Office of Special Prosecutor’s Bill does not need urgent treatment- Committee

Benjamin Mensah, GNA

Accra, July 22, GNA –
The Committee on Constitutional, Legal and Parliamentary Affairs of Parliament
has rejected a request by the Government for the Office of the Special
Prosecutor’s Bill to be passed under a certificate of urgency and recommended
the bill be taken through all the normal processes.

The Minority National
Democratic Congress (NDC), earlier in the week, raised issues on constitutional
breaches, stating that the Bill had not been gazetted when it was first laid on
Tuesday and copies had not been made available for their perusal.

Following a debate as
to whether the Bill should be treated under a certificate of urgency, the
Speaker of Parliament, Professor Aaron Michael Oquaye, directed the
Constitutional, Legal and Parliamentary Affairs Committee to determine the
urgency or otherwise of the Bill in accordance with the 1992 Constitution and
the Standing Orders of the House.

The Committee, on
Friday, reported that it came to the “determination that more time would be
needed to allow for broader stakeholder consultation before passage.

“The Committee,
therefore, recommends to the House to adopt this Report and to pass the Office
of the Special Prosecutor Bill, 2017 through the usual legislative procedure
and not in accordance with Article 106 (13) of the Constitution.”

Mr Ben Abdallah, the
Chairman of the Committee, and MP for Offinso South, told the plenary that:
“Going through the memorandum and the body of the Bill itself, we realised that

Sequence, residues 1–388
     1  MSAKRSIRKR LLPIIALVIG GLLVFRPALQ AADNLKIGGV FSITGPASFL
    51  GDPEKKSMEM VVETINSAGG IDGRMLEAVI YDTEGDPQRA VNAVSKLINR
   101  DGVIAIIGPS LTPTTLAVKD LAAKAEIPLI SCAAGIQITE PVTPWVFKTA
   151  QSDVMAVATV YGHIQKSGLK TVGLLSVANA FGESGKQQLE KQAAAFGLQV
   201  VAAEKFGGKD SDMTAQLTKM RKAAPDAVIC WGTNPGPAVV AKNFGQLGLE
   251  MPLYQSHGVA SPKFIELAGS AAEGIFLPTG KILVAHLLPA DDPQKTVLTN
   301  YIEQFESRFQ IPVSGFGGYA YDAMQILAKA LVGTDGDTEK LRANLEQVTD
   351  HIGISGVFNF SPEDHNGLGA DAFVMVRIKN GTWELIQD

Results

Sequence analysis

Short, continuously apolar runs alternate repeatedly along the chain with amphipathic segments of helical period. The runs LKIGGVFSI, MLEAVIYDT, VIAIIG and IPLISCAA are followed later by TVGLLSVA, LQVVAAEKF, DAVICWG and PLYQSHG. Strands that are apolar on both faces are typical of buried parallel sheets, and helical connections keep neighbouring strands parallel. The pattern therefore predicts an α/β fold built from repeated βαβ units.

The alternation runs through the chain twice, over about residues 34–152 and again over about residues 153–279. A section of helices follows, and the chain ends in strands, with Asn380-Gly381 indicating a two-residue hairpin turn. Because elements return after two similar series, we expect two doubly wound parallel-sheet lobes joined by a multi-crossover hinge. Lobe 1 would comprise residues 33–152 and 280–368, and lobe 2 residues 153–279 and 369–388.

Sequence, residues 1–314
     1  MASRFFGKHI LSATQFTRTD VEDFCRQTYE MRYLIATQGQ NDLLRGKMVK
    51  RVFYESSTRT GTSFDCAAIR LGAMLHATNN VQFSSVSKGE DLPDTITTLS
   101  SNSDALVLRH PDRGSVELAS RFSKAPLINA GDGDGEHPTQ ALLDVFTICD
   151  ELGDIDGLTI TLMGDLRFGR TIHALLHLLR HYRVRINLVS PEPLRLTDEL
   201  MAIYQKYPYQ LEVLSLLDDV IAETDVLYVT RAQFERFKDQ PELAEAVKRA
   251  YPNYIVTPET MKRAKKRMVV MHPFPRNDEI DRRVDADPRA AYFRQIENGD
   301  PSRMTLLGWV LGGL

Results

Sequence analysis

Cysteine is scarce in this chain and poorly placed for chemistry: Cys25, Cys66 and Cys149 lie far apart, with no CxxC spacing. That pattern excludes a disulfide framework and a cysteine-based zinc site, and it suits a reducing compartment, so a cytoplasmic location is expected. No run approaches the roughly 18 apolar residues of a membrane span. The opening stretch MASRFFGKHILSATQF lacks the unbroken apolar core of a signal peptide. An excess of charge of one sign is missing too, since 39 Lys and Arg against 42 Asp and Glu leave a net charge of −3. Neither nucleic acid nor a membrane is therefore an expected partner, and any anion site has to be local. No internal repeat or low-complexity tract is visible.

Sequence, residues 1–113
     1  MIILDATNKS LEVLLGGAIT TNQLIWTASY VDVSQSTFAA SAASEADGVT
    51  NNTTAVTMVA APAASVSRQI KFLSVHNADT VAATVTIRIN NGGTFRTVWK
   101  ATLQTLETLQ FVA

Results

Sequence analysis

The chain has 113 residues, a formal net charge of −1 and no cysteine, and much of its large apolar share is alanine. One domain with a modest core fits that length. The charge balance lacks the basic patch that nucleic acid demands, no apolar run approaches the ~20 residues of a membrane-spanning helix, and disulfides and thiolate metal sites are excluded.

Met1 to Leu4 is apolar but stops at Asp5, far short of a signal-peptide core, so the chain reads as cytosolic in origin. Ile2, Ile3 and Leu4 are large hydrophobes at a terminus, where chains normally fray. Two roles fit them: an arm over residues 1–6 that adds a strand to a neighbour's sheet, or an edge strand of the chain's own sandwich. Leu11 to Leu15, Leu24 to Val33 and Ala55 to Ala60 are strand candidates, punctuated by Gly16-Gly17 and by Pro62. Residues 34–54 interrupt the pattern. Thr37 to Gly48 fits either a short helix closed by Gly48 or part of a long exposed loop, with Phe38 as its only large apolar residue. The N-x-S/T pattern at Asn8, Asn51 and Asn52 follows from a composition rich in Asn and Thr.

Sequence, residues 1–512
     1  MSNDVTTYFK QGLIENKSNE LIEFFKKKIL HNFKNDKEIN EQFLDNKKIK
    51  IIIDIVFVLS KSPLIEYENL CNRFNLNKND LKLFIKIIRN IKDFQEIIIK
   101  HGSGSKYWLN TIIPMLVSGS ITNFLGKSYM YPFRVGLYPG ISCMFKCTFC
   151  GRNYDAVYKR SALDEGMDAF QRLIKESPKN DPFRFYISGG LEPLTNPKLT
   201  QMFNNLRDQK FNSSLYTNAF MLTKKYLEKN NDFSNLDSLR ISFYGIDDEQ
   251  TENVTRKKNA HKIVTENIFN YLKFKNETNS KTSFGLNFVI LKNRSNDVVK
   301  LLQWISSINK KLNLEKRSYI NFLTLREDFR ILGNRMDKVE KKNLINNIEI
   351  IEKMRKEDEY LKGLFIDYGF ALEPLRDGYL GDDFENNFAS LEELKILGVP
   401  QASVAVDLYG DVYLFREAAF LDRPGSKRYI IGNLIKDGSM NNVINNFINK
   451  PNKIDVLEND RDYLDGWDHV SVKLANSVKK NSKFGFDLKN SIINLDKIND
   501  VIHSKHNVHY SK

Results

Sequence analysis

the Bill carries a lot of weighty issues that need to be discussed and,
therefore, need a broader stakeholder consultation and this cannot be done
within a short period of time.

“It was, therefore,
the considered opinion and view of the committee that in view of the reasons
mentioned above this bill cannot be treated under a certificate of urgency.”

The Committee, in its
report, noted also that the bill was of a sensitive nature and had generated
public interest.

However, the
Attorney-General’s Office “is overburdened in the discharge of its duties and,
therefore, the need to carve out some of its investigative and prosecutorial
duties to the proposed Office of the Special Prosecutor,” he said.

“The Committee does
not see any vacuum created by the absence of the Office of a Special Prosecutor
to warrant the Bill to be treated as urgent,” Mr Abdallah said.

President Nana Addo
Dankwa Akufo-Addo, during the electioneering in 2016, announced that an
Akufo-Addo led government would create an office of a special public prosecutor
to prosecute public sector corruption.

He said the office of
the special prosecutor would be created within six months in office if he won
the election.

In fulfilment of the
promise, the Bill on the Office of Special Prosecutor was laid on Tuesday,
amidst contentions from the Minority Side that it was not gazetted and members
did not have copies.


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